Back to railroads again. 19th St in Berwyn and Cicero between Austin and Ridgeland is built to occupy the right-of-way of a former electric line, what I believe was the Chicago & West Towns Railway. It's most noticeable at Austin, where the north side of the road strangely turns for no apparent reason.
The building shaped like a quarter-circle near Grand and Natchez is a remnant of a local line abandoned by the Soo-Line (Canadian Pacific) in 1999. 


The other Chicago & Northwestern line to Evanston, the one beginning at Mayfair Junction, has some notable remnants in architecture near Devon Ave and US 41. Much of the right-of-way has turned into a rail trail. 

Let me know if you know of any other examples of scarchitecture, both in the Chicago area and in your own neck of the woods!



18 comments:

  1. Tracy Ave. Yard, 103rd Street west of Western Ave. adjacent to the B&OCT (CSX) line through West Beverly. The right of way to the east of the tracks is wider north of 103rd (formerly Tracy Ave.) Former Pere Marquette yard.

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    1. Interesting! I did not know that, but it does seem wider to the east!

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  2. In Baltimore, there are two very obvious examples, in the east side if the city:
    Starting at Boston and Clinton street, there's a sweep that heads east and north.
    There's also a long line of trees that parallels Haven Street.

    Both used to be Pennsylvania Railroad.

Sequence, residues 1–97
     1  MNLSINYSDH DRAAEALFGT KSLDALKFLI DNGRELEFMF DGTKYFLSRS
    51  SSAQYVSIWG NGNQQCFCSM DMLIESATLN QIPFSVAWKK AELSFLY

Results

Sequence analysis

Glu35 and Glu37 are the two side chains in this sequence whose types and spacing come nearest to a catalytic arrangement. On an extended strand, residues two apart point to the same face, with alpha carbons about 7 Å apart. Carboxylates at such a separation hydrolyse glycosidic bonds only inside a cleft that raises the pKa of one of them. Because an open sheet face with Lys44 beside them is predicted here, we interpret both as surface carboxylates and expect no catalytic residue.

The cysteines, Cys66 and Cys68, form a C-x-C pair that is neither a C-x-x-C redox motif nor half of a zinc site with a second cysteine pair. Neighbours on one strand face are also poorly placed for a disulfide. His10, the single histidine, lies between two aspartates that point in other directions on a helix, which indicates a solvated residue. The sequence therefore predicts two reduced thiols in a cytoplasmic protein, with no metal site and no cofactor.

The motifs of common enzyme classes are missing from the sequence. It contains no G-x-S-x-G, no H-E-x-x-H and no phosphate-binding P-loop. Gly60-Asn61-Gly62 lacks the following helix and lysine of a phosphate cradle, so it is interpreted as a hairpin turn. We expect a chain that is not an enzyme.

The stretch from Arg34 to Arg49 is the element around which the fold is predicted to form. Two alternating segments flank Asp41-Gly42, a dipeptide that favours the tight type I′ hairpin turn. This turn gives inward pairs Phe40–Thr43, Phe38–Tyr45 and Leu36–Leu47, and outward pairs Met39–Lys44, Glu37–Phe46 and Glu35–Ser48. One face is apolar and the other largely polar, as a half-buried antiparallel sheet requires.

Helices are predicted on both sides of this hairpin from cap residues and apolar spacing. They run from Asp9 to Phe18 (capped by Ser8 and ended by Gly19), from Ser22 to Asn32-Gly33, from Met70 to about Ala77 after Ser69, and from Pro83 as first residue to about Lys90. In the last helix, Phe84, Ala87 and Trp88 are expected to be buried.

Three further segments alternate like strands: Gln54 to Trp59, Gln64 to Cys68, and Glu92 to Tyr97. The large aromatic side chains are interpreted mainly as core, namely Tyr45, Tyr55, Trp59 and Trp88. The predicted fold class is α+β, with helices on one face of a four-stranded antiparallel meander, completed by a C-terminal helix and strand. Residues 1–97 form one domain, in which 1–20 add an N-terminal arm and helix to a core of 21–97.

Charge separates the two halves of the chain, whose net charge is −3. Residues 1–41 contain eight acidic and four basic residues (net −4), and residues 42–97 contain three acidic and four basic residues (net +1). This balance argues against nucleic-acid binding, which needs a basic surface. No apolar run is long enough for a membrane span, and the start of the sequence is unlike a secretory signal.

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    1. Dave, thanks for the comment, I'd love to see this if you have a link for it!

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  3. In my youth I worked in a small factory near the apex of your Wrigley Field example, where Sluggers bar is now. There are many examples of this in "Chicagoland."

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    1. Thanks for your comment. There truly are many examples of scarchitecture above and beyond what I've noted. Some are best seen in the real world!

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  4. If you Google earth Lakewood south of diversey, you can still see tracks there and the cement across diversey that recently covered tracks. Several locations along Lakewood are like this. I have a screen shot but not sure if I can post

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    1. Vicki, thanks for the comment, at this point screenshots are not possible on the site, however links to online content, including photos should work.

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  5. The C&NW line to Evanston was known as the Weber Subdivision. The line branched just north of the North Branch of the Chicago River at a point known as River Junction. The Valley branch curved off to the northwest and went to Skokie. The east side continued north towards Evanston. Both lines had steam powered commuter service until the late 1950's. Material Service Company had a medium sized yard and concrete batch plant located between the two tracks in Sauganash, between Rogers Avenue on the north and Bryn Mawr on the south. It closed in the late 1960's.

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    1. Thanks for the comment. Unfortunately I never was able to witness any activity along the Weber Subdivision, but it is a fun place for a walk these days.